Daffodils break up through stone hard frost
while blue skies drip with sunflowers not rain,
and everywhere I look are thoughts of you—
now I know I should be charitable
because cancer’s taken so much I love
but I can’t see another damn daffodil,
can’t relive again this forced remembrance
that August and yellow flowers bring.

This month two years ago life imploded—
your future was stolen, mine stuck on pause,
when you were torn open and robotosised,
when I was ripped apart from the inside
your body taken over by rogue cells,
my insides gutted, my breath stripped away,
your indomitable energy bound,
contained in a prison of flesh and drugs—

I could see where all the signs were pointing
no matter how I tried to shield my eyes,
I couldn’t hide from my fate anymore
than I could turn my gaze from yours,
no choice but to walk this road by your side
until your path veered off into the sun
while mine dragged under grey and sullen skies.

So I close my eyes and try to forget,
let your memories slumber for a spell,
imagine the sky filled with clouds not sun—
for though the new spring is about to break
sunflowers drip from skies instead of rain
and I am surrounded by daffodils.

 

Me and Mud 2

The two of us back in 2004

 

To donate go to https://www.daffodilday.com.au/

Bad Weather

Bad weather

The weather’s fine today,
partly cloudy with a chance of rain—
there’s always a chance of rain.
Yesterday was overcast,
grey clouds and white fog,
mist coated all my words,
before that it rained all day,
an endless downpour leaking through my roof
but even that was better than the wind
that raged and stormed and blew my fence down.
It seems days now since I saw the sun:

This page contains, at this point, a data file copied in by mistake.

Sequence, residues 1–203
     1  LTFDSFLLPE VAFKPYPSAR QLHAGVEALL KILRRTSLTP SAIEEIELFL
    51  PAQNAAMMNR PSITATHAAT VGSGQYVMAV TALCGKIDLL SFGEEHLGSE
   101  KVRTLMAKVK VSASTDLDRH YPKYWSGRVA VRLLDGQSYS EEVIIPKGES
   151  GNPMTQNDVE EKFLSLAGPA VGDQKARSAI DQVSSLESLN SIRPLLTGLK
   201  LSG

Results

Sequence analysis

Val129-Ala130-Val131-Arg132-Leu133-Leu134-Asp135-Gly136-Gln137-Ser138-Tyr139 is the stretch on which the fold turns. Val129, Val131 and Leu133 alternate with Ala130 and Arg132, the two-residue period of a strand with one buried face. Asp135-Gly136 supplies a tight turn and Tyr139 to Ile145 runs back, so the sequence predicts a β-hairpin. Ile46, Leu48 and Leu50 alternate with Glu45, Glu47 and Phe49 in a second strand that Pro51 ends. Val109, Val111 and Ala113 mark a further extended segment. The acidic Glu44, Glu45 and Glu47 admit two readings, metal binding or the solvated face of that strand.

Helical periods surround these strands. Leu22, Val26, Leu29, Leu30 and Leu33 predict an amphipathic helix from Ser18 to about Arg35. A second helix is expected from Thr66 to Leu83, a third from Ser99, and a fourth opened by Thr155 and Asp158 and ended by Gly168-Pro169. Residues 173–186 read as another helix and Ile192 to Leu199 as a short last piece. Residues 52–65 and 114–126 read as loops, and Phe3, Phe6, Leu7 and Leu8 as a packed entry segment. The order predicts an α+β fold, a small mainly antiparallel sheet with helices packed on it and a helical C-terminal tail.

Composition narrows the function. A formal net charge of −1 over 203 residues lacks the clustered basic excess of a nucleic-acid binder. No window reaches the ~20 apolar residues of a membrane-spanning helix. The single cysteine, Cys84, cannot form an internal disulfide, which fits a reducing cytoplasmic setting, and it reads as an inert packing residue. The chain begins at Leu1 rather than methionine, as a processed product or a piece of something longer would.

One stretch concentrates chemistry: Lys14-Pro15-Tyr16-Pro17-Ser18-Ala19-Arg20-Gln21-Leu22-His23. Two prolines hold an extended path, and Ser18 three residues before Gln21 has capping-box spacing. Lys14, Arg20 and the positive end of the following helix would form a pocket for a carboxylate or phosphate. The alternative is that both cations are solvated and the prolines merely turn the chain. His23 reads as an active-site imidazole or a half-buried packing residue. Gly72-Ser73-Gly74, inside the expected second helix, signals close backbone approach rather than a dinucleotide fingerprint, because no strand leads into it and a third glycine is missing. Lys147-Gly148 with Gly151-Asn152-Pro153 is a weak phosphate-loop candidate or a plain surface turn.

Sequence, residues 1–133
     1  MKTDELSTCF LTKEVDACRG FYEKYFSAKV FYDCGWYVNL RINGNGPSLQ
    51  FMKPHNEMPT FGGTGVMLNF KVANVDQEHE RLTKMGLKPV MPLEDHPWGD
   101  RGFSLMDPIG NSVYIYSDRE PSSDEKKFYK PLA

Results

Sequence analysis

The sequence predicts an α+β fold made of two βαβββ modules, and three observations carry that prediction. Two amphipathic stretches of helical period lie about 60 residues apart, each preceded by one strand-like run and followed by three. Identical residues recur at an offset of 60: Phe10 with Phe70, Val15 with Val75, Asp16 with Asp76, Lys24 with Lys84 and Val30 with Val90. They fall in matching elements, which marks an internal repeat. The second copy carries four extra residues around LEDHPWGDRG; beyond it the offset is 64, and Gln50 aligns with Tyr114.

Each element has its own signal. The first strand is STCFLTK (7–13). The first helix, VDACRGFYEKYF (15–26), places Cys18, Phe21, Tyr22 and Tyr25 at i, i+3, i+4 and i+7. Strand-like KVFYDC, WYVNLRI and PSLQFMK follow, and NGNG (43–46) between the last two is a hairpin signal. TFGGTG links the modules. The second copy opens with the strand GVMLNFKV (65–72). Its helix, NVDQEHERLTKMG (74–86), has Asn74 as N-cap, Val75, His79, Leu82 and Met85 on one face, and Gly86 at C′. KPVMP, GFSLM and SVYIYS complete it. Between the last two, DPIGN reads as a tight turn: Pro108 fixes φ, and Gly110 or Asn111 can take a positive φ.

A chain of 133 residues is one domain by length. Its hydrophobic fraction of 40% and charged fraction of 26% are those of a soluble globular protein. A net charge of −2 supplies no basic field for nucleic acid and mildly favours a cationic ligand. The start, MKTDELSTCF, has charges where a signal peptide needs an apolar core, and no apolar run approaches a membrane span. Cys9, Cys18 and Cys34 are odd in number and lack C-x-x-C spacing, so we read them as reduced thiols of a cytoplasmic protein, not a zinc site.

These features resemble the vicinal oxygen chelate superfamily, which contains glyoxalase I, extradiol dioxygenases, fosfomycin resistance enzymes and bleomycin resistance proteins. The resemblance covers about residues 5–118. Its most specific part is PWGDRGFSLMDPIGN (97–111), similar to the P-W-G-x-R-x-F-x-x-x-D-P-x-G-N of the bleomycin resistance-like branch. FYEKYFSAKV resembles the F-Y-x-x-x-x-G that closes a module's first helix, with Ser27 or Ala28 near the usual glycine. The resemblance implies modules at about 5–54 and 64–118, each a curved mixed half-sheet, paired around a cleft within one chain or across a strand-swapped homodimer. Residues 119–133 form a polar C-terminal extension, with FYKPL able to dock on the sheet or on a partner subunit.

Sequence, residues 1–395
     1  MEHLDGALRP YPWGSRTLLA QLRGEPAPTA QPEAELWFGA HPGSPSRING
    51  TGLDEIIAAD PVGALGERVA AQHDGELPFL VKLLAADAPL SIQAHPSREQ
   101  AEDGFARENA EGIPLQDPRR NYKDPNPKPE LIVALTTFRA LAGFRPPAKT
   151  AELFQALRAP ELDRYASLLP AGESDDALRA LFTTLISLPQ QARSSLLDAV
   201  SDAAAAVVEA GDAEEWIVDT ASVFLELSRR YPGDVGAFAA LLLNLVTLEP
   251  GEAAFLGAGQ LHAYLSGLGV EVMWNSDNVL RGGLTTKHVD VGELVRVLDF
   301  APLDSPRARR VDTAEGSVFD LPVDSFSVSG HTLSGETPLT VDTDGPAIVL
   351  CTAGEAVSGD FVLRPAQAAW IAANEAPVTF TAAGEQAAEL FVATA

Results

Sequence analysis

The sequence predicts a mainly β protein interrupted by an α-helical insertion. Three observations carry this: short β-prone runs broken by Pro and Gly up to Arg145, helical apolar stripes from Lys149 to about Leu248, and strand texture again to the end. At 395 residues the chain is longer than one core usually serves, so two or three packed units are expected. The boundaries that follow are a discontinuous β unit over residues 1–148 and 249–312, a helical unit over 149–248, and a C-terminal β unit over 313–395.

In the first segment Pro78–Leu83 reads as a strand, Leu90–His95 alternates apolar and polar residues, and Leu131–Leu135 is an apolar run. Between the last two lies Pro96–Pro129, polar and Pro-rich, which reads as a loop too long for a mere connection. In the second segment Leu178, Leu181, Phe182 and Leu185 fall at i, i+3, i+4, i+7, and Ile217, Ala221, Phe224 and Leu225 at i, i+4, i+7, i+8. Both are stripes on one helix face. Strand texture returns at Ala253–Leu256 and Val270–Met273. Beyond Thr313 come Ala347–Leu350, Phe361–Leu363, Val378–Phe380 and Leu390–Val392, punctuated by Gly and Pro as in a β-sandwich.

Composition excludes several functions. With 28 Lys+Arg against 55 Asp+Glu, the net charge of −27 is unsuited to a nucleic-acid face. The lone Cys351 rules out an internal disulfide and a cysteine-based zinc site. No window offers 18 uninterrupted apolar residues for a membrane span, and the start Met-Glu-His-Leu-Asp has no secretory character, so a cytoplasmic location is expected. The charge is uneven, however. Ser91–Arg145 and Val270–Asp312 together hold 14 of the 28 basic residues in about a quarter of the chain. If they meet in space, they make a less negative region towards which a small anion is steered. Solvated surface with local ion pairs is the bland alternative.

slipping weak tendrils out from behind clouds,
slowly gathering strength to leap into the sky and shine
before slipping back beneath a cloud to rest.

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Animal Therapy

Animal Therapy
Last time I was sick I was in my bed,
too ill to move even for the water
and the tablets, just an arm’s reach away,
feeling like death, if death had feelings,
unable to do anything but pray
to a god I don’t believe in to help,
to make it go away, to let me sleep,
at least until the pain’s a little less—

when I heard the patter of paws approach,
and the slight impact of the cat’s landing
on my bed, watched her sidle up to me,
putting her face in mine to sniff me out
before curling her warm body up beside
my chest and purring in time with my heart.

cat

 

Sunrise in summer: a parting aubade

Sunrise in summer – a farewell

a parting aubade
in the indigo pre-dawn,
together we wait

birds chime a warning
the sun is coming, with it,
time to say goodbye

the butcher bird calls
orange fills the horizon
a last parting kiss

light slowly gathers
seeming anti-climatic
night gives way to day

in the clouds a glimmer
of the night fading away
of the sun rising

Clouds shimmer in sun
orange and purple and bright—
my wondrous night done

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Falling

The bulk of my poems, no matter how I try to avoid it, tend to be focused more on the maudlin side: full of melancholy, angst, lovelorn laments and ponderings of existential despair, all of that fun stuff.  But beautiful poetry doesn’t always have to be dark, or so I try to remind myself.  This Valentine’s Day I thought I’d delve into some happy memories and see what diamonds I could find.

So fall all you crazy lovers out there, this one’s for you.

Falling

Falling again,
against my better judgement,
light as a feather
leaden as lead,
into your wide open arms
no thought, no choice, just one word,
‘go.’